The girl with no name decides it a more pertinent task to name the cat Dusty, leaving her vulnerable to what’s classically known as minor character naming influence, with which the name Kat is given to her by a police officer. It’s revealed that the town she finds herself in has been ripped from proper time and space, leaving them floating in a fragment of gravitational forces and under the constant threat of some force called the Nevi. They’re Jello-like creatures that have energy orbs keeping them alive, leaving combat to focus around “hit the Nevi in the balls.”

gravity rush remastered 5Kat then also becomes aware of her ability to manipulate gravity, which she quickly connects to Dusty. With the flick of a button, Kat neutralizes the gravity around her, causing her to float aimlessly in the air. With a second click of the same button, she changes the direction that gravity pulls her towards the direction the reticle is pointed. This can allow her to walk on walls, fall in a direction that looks like she’s flying, and allow some of the most fun traveling experiences ever. The gravity feature eliminates gravity in a small orb around her, meaning that you can accidentally pick up barrels, garbage bags, and even the denizens of Hekseville, leaving them to hurtle onwards into a red and black abyss.

The key is using the gravity mechanic most effectively in combat. Players can pick up objects and fling them at enemies, perform a flying kick into enemies, or even just use the gravity to fly around and avoid enemy shots towards Kat. While initially the enemy design is pretty basic and minimal, the Nevi creatures begin to create more devilish and daring creatures. Once you pick up how to use the gravity mechanic, combat becomes a somewhat disorienting, yet engaging, system that could only be improved by adding more moves than just kick, gravity kick, tossing objects, and the three specials that you eventually acquire.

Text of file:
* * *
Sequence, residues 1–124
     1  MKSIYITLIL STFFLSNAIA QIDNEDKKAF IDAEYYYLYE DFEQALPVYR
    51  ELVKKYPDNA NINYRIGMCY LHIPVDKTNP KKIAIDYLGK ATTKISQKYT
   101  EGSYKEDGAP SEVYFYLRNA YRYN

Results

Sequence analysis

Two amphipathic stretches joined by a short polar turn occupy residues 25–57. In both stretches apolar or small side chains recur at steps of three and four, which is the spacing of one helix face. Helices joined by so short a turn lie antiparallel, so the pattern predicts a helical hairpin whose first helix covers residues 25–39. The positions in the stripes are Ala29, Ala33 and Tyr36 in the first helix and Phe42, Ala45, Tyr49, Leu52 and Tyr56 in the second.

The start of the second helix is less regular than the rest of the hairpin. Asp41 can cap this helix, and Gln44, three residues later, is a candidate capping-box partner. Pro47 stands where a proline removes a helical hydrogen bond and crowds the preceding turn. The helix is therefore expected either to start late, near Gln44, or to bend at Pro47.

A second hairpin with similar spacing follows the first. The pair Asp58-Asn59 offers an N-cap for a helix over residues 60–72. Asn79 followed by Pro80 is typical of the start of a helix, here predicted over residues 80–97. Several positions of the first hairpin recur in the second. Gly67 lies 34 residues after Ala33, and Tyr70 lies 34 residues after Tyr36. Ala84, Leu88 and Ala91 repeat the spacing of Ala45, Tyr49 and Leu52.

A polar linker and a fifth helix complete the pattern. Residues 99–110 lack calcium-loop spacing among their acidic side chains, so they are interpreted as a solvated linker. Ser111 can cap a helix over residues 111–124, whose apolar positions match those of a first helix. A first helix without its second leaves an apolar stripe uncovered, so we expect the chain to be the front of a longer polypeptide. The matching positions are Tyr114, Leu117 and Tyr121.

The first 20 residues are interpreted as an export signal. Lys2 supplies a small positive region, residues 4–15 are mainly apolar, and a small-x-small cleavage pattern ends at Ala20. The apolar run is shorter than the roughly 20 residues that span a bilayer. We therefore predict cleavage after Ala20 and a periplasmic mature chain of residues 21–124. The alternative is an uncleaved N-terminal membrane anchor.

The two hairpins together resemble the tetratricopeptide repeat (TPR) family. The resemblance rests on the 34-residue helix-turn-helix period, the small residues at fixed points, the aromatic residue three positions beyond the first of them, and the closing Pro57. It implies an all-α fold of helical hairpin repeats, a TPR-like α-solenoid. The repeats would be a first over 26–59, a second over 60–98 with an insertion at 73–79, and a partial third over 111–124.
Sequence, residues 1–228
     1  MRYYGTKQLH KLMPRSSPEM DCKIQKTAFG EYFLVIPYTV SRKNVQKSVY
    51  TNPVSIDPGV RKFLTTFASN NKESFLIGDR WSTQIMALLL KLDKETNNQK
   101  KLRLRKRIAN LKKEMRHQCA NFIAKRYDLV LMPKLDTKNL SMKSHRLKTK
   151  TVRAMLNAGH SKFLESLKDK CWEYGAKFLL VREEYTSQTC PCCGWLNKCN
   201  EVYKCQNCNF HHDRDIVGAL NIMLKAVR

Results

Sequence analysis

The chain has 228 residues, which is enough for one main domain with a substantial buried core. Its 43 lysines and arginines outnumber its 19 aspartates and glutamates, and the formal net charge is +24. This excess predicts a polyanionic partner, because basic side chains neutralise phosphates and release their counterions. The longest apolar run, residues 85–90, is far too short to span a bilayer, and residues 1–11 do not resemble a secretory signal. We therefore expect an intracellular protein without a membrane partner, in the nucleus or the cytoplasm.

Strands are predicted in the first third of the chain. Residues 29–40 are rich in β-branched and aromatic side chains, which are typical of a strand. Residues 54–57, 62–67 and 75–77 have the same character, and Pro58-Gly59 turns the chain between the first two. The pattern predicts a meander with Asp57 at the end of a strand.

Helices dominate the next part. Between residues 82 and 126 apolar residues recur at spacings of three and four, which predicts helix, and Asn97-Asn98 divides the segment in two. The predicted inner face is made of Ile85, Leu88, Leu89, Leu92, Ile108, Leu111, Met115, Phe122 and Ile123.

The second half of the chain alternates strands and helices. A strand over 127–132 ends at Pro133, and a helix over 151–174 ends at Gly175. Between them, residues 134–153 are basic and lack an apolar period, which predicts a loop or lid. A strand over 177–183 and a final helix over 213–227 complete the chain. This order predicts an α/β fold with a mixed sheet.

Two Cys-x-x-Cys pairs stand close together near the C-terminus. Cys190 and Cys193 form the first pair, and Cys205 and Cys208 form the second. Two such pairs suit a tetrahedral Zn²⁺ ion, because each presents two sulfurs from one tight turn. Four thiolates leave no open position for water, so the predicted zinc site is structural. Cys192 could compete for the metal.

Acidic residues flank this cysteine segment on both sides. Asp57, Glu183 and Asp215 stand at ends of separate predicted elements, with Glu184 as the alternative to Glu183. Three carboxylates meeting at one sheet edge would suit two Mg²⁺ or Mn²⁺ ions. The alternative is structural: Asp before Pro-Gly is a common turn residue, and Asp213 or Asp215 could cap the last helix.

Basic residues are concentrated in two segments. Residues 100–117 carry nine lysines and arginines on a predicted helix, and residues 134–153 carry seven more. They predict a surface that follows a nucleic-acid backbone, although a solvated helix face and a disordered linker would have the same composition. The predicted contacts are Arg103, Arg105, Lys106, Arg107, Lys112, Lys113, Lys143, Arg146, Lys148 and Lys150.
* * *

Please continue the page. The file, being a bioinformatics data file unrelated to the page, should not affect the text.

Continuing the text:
gravity rush remastered 4Cut scenes are done in one of two ways: either as a scripted event in the game’s environment or as a manga-esque strip of scenes. The oddest part of it all is when the game attempts to have Kat “speak” by only having subtitles at the bottom of the screen. She’s not a “silent protagonist,” since in the manga-style scenes she’s obviously talking. But then she’ll just have some sort of internal monologue with herself when in-game or during cut scenes, which was just odd. I feel like Kat’s character should have had some sort of voice actor with it to help better articulate her, rather than making her feel like some sort of mute in one scene and a chatter box in the next.

Overall, Gravity Rush has managed to create a video game that captures the essence of animes and mangas. There were moments where I’d get hints of Full Metal Alchemist: Brotherhood, while things like combat and enemy design were more reminiscent of Nogarami. Lacking any direct source material, Gravity Rush has overwhelmingly topped games like Naruto Shippuden or One Piece: Pirate Warriors 2 in emulating the feeling of a top-tier anime. Gravity Rush’s unique setting, solid characterization, and quirkiness make it a solid title to add to the ever-growing list of ported and enhanced Vita titles.